The chiral catalyst which is used in the process of the present invention contains a group IVb metal, and two bridged ligands, as illustrated by the following general formula:
where M is a group IVb metal selected from titanium, hafnium and zirconium;
L₁ and L₂ may be the same or different and each is a cyclopentadienyl ligand; X₁ and X₂ may be the same or different and are selected from the group consisting of bromine, chlorine and methyl; and R¹ is a C₁₋₂₀ hydrocarbon which is bonded to said L₁ and said L₂.
Three highly preferred chiral catalysts according to the above formula (I) are bis (indenyl) ethane zirconium dichloride, bis (indenyl) ethane titanium dichloride, and bis (tetrahydroindenyl) ethane zirconium dichloride.
The catalyst of the present process is used in conjunction with an aluminoxane co-catalyst. The term aluminoxane is meant to refer to the well known oxides of aluminum which are obtained by carefully reacting an aluminum alkyl with a minor amount of water. Aluminoxanes are preferably prepared by reacting an aluminum alkyl with a metal salt hydrate, as disclosed in U.S. patent 4,542,199.
The structure of alumoxanes is not completely understood. Accordingly, while not wishing to be bound by any theories, it is believed that the previously postulated alumoxane structures indicated below are representative:
where R is a C₁₋₁₀ alkyl, preferably methyl and
n is an integer between 4 and 20.
Suitable alumoxanes are soluble in toluene at room temperature.
The process of the present invention may be completed at a temperature between -60 and 110°C, preferably from -10 to 40°C.
Further details of the present invention are illustrated by the following non limiting examples.
- A. BIS-(INDENYL) ETHANE ZIRCONIUM DICHLORIDE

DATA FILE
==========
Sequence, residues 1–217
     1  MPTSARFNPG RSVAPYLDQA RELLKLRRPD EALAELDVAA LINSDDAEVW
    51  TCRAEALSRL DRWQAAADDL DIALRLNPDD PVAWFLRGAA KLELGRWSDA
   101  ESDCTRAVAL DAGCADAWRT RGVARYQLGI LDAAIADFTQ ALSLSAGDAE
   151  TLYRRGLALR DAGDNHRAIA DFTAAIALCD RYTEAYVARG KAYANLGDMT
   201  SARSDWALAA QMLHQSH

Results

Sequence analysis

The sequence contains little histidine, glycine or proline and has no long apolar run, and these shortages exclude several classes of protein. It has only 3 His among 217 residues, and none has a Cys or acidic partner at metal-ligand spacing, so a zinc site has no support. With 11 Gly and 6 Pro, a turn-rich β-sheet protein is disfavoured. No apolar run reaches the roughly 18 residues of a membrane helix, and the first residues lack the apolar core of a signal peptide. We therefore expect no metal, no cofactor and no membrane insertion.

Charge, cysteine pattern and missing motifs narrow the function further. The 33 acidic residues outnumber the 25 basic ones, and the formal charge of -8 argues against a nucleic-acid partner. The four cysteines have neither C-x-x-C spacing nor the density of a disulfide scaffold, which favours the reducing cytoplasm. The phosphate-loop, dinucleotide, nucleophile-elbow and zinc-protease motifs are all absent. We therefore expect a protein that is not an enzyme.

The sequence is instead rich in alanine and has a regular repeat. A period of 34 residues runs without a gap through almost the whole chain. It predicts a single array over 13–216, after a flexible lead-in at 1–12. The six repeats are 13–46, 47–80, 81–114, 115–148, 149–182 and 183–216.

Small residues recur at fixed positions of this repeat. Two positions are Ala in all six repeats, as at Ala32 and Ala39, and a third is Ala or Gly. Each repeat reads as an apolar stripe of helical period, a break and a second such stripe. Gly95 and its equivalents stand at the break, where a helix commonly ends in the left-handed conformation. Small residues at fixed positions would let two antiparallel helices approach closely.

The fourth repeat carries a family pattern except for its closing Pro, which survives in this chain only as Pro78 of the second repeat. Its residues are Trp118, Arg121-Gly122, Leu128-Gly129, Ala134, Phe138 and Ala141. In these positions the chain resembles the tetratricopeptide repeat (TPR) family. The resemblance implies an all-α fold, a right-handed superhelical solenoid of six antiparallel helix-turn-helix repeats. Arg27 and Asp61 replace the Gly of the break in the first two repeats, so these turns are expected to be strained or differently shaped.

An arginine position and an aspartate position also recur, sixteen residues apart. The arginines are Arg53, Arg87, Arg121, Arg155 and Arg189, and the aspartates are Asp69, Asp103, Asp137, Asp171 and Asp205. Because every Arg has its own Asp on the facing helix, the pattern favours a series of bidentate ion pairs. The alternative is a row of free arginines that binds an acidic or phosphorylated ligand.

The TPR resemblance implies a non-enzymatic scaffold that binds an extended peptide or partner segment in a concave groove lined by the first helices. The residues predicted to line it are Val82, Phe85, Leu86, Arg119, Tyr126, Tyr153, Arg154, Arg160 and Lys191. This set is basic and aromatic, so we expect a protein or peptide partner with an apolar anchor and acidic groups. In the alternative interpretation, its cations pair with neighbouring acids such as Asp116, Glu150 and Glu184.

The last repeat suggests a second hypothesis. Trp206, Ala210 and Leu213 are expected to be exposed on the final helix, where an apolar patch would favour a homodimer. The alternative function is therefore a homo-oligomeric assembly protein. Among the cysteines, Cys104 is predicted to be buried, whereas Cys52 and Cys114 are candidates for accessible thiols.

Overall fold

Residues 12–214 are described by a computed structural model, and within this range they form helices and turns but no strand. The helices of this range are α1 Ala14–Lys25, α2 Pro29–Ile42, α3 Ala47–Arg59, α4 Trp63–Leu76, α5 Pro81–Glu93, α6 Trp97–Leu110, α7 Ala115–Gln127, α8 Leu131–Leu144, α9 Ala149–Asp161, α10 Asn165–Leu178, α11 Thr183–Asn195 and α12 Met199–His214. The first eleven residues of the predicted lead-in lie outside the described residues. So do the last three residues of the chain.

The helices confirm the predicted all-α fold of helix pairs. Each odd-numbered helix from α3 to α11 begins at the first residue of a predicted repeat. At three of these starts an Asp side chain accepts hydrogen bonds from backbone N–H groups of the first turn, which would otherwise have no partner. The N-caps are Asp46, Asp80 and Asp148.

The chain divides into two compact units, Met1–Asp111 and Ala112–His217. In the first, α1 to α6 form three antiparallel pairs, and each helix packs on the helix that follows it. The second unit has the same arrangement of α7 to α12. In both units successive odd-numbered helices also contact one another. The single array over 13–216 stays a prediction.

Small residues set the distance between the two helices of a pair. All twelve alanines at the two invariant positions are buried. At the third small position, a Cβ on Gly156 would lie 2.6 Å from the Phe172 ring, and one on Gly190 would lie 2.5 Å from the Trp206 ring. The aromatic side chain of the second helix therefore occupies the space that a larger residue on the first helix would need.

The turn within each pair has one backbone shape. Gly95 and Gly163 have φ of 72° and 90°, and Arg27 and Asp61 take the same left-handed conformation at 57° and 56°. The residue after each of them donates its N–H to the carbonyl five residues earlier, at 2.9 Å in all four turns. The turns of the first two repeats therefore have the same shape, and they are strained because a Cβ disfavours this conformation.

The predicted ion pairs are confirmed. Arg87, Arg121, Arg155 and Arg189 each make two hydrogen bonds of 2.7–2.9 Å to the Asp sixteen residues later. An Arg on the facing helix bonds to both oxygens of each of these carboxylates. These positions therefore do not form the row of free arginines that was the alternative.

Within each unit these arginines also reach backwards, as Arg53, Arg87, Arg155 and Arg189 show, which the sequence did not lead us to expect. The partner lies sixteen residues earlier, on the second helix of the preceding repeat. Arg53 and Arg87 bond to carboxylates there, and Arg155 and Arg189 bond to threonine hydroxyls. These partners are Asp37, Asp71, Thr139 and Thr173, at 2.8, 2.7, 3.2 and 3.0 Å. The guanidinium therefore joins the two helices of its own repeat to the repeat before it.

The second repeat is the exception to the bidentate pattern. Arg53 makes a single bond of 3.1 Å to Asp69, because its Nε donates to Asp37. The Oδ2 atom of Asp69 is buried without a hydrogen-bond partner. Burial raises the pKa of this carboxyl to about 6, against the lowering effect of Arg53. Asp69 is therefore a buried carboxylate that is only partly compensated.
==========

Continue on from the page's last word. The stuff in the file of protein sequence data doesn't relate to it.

This example describes the preparation of the chiral catalysts, bis (indenyl) ethane zirconium dichloride and bis (tetrahydroindenyl) ethane zirconium dichloride.
- B. BIS (TETRAHYDROINDENYL) ETHANE ZIRCONIUM DICHLORIDE
Initially, Bis (indenyl) ethane was prepared by the reaction of lithium indenide and dibromethane in tetrahydrofuran/dimethypropylene urea solvent (250/12 volume ratio). Bis (indenyl) ethane zirconium dichloride was then prepared by reacting the lithium dianion of bis indenyl ethane with a di-tetrahydrofuran adduct of ZrCl₄ according to a technique reported in the literature (Collins et al, J. Organomet. Chem. 342, 21 (1988) ). The resulting compound was a bright yellow solid.
Bis (tetrahydroindenyl) ethane zirconium dichloride ("BTHIEZrCl₂") was prepared by the hydrogenation of the above described bis (indenyl) ethane zirconium dichloride. Hydrogenation was completed in CH₂Cl₂ using PtO₂ at 1500 psig for 4 hours. The PtO₂ was removed by filtering and the CH₂Cl₂ was removed in vacuum. The resulting white crystalline solid was washed with toluene and filtered.
This example describes the preparation of alumoxane.
Al₂(SO₄)₃.16H₂O (sufficient to provide 0.2 mol H₂O) was slurried in 250 cc dry toluene under argon while neat trimethyl aluminum ("TMA", 0.2 mol) was added slowly with stirring, and subsequently allowed to stir for 48 hours at room temperature. About 2-4 grams of a white solid was then obtained after filtration. Strict avoidance of exposure to air was maintained because TMA is highly pyrrophoric. The recovered alumoxane was soluble in toluene.